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Lisdexamfetamine approved for treating ADHD.

Lisdexamfetamine dimesylate is a new addition to the armamentarium of extended-release stimulants for treating attention-deficit/hyperactivity disorder in young children.

It was recently approved by the Food and Drug Administration for treatment of attention-deficit/hyperactivity disorder (ADHD) in patients aged 6-12 years.

Lisdexamfetamine (Vyvanse, Shire/ New River Pharmaceuticals) is a pro-drug of d-amphetamine. In this unique formulation, it is covalently linked to 1-lysine, an amino acid, and remains inactive until metabolized by the gastrointestinal tract. This metabolism is a rate-limiting effect that provides sustained release. Unlike other extended-release stimulants for ADHD, the active ingredient is not encapsulated in a matrix or bead formulation.

Data from clinical studies in which children with ADHD took the agent in the morning, showed that they still had control of symptoms at 6:00 p.m. on the same day.

The prodrug is inert outside the body, and because the drug is long-acting, there is no immediate high for someone who tries to abuse lisdexamfetamine. "If you grind it and stick it up your nose or stick it in your veins, it's not active," said Dr. Oscar Bukstein, who is on the psychiatry faculty at the University of Pittsburgh.

"The whole purpose of the prodrug seems to be that it is less addictive," said Dr. Raul Silva, vice chairman of the department of child and adolescent psychiatry at New York University, New York, said in an interview.

The manufacturer conducted two studies in known substance abusers, and participants reported a lower preference for lisdexamfetamine, compared with equivalent doses of d-amphetamine.

The U.S. Drug Enforcement Administration accepted the FDA recommendation for a Schedule II controlled substance designation for lisdexamfetamine. However, a final decision is still pending. Other stimulants for ADHD, including Adderall XR (mixed salts of a single entity amphetamine product, Shire), Concerta (methylphenidate HCl, Johnson & Johnson), and Focalin XR (dexmethylphenidate HCl, Novartis), also have a Schedule II designation.

Clinical trials demonstrated statistically significant improvements in ADHD symptoms, compared with placebo at all once-daily doses (30 mg, 50 mg, and 70 mg). A phase II study showed both Vyvanse and Adderall XR improved classroom behavior ratings, compared with placebo using the Swanson, Kotkin, Agler, M. Flynn and Pelham (SKAMP) deportment rating scale. Also, both drugs significantly improved academic productivity, compared with placebo on the Permanent Product Measure of Performance (PERMP) instrument, an age-adjusted collection of math problems that measures a child's ability to pay attention and stay on task.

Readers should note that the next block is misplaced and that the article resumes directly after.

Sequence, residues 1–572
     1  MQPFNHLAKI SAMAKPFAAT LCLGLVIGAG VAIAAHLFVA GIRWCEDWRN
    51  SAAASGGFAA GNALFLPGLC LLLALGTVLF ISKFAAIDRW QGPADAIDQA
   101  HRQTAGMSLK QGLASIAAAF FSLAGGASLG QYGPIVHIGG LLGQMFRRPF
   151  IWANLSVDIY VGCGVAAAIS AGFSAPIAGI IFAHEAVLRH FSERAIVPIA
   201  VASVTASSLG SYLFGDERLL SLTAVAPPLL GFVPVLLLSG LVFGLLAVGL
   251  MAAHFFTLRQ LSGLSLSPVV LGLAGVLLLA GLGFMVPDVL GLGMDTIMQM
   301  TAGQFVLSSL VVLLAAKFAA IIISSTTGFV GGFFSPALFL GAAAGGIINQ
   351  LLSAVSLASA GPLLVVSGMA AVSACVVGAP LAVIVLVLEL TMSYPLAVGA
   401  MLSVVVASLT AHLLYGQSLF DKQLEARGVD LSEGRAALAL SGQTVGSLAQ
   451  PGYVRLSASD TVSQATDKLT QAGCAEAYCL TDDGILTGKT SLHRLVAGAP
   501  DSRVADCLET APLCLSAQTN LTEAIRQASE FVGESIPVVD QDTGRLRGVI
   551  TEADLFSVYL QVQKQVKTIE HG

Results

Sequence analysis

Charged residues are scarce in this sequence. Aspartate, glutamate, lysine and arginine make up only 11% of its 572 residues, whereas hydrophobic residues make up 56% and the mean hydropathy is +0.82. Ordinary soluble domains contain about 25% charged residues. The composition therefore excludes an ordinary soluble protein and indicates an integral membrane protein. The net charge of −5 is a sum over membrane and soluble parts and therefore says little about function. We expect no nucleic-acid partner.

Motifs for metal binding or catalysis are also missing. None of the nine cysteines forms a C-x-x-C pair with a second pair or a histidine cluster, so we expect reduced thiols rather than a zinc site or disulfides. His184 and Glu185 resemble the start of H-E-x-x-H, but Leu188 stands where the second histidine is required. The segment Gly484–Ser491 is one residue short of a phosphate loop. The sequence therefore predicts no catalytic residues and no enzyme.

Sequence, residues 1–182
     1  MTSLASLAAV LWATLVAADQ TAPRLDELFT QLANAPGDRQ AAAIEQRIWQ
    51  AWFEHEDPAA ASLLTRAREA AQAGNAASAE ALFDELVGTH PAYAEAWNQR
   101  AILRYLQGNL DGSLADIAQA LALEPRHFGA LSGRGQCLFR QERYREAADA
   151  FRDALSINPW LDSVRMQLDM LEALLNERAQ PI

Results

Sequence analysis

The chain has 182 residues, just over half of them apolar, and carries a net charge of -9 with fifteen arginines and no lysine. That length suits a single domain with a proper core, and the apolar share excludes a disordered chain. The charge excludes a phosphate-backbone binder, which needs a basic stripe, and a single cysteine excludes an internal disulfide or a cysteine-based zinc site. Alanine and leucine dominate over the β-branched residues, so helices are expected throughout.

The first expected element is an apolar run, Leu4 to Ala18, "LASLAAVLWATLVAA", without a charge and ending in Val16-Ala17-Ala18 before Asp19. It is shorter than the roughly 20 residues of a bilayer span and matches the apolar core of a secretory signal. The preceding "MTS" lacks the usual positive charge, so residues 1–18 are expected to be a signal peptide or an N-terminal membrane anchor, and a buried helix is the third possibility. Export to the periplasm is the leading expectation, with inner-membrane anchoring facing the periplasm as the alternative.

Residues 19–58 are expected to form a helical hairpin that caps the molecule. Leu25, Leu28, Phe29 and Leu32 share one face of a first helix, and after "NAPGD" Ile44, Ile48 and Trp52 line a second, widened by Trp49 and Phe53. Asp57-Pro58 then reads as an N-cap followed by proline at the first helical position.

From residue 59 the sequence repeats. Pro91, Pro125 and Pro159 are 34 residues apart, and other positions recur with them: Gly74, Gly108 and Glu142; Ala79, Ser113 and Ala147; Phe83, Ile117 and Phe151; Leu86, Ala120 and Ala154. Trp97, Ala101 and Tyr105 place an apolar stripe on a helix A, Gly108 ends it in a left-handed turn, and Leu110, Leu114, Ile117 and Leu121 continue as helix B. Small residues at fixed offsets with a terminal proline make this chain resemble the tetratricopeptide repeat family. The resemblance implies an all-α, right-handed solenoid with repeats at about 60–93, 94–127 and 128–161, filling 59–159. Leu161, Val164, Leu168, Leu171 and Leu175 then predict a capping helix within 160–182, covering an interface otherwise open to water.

In a phase III, randomized, double-blind placebo-controlled study, lisdexamfetamine significantly improved the 18-item ADHD Rating Scale (ADHD-RS-IV) scores, compared with placebo after 4 weeks.

Lisdexamfetamine improved ADHD symptom rating scale scores by 60% among children aged 6-12 years who received 6 months of treatment in an open-label, phase III study. Clinicians reported a "much improved" or "very much improved" rating on the Clinical Global Impressions-Improvement score scale for 95% of children.

The medication was generally well tolerated in these clinical studies. Decreased appetite, difficulty falling asleep, stomach ache, and irritability were the most commonly reported side effects. It should not be prescribed for patients with arteriosclerosis, symptomatic heart disease, moderate to severe hypertension, hyperthyroidism, seizures, glaucoma, agitated states, a history of substance abuse problems, a known allergy or unusual reactions to sympathomimetic amines, or for patients who have taken a monoamine oxidase inhibitor in the previous 14 days.

Parents and patients should watch for development of any symptoms that suggest heart problems, such as chest pain or fainting, and monitor children for blurred vision.

Aggression, new abnormal thoughts/ behaviors, mania, growth suppression, worsening of motion or verbal tics, and Tourette's syndrome has been associated with stimulants, said the manufacturer.

Dr. Silva has no affiliation with Shire/New River Pharmaceuticals. Dr. Bukstein is a consultant and speaker for Shire/New River Pharmaceuticals.


Miami Bureau
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Title Annotation:News; attention deficit/hyperactivity disorder
Author:McNamara, Damian
Publication:Family Practice News
Date:Apr 15, 2007
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